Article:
|Supervisor||Huub van de Wetering, Niels Willems|
|start/end date||March 2010 - October 2010|
|Thesis||GPU-Based track visualization of multivariate moving object data|
Moving object data visualization and analysis is a growing field of research. In this thesis we present a continuation of previous work where paths of moving vessels are convolved with a kernel onto a den-sity map to aid operators of coastal surveillance systems and analysts. The density map is visualized as a shaded height field and reveals hotspots of vessel activity.
Our improvements are twofold: First, we increase the computation speed of the density map by roughly a factor using modern graphics hardware and second, we introduce several visualization methods to reveal spatial and temporal distributions as well as relations between subsets of the data that are otherwise not visible in the traditional density map.
We present a geographic information system that allows an operator to analyze data sets containing moving objects. While the main focus in this thesis is data sets of ocean faring vessels, we show that our method is applicable to other types of moving object data sets as well.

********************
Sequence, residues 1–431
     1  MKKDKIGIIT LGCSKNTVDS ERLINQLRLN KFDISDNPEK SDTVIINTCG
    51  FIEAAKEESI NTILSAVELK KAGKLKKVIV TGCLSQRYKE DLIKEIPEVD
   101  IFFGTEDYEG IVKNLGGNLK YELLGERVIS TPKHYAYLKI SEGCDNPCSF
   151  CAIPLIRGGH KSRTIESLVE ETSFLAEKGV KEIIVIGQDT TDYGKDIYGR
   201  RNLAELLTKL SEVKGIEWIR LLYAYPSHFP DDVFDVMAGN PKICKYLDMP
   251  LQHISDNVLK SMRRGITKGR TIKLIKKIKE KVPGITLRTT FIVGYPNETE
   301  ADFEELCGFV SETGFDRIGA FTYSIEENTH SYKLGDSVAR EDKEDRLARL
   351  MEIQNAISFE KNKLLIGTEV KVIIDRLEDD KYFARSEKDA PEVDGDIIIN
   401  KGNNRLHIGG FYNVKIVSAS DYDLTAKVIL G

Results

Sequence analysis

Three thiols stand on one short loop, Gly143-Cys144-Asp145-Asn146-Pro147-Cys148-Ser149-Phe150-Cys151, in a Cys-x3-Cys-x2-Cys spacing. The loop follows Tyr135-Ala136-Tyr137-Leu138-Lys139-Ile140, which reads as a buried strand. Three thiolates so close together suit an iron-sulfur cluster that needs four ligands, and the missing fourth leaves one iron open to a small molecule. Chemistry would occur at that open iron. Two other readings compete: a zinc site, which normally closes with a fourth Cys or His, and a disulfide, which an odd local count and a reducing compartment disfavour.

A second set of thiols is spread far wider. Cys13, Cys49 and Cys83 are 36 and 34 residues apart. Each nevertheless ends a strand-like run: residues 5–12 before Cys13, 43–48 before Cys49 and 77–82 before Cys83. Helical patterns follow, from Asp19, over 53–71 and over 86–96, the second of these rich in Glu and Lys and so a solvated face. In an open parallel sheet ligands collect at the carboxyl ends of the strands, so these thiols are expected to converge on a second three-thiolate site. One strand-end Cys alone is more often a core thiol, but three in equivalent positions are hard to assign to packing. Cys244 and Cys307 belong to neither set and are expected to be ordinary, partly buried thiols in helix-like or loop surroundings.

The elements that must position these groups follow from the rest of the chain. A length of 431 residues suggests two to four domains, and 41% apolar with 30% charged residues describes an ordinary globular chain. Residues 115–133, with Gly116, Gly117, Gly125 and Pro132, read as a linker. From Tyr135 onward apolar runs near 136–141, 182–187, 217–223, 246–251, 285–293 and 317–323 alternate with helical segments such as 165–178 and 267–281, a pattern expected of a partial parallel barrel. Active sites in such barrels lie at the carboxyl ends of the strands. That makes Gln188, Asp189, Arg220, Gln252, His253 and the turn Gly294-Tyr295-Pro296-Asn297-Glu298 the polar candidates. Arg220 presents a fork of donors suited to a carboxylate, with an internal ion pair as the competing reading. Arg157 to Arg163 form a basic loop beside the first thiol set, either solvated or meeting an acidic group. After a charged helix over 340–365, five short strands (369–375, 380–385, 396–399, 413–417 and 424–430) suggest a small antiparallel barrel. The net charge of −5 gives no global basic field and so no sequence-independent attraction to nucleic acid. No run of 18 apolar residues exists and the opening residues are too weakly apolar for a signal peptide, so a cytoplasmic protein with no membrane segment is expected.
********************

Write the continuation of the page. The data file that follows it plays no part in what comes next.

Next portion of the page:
A moving object is defined as an entity whose position changes over time. These objects can represent anything ranging from airplanes to particles. The analysis of moving object data is performed in varying scientific fields such as meteorology, biolo-gy, sociology, transport engineering and analysis of animal movement behavior and migratory pat-terns.
In this thesis we present a visual setting in the form of a Geographic Information System (GIS) for analyzing and visualizing the movements of ocean-faring vessels. We do this by plotting a density map containing the area usage of the vessels. The area usage of the moving vessels is computed using kernel density estimation. We do this by blurring or convolving our movement data using some kernel function. We improve and extend on an existing method by Willems et al.–see additional information, designed to compute and visualize a density map of moving vessels. As our contributions, we significantly improve the computation speed by utilizing modern graphics hardware and introduce several interactive visua-lization techniques that have been made possible by the increase in computation speed.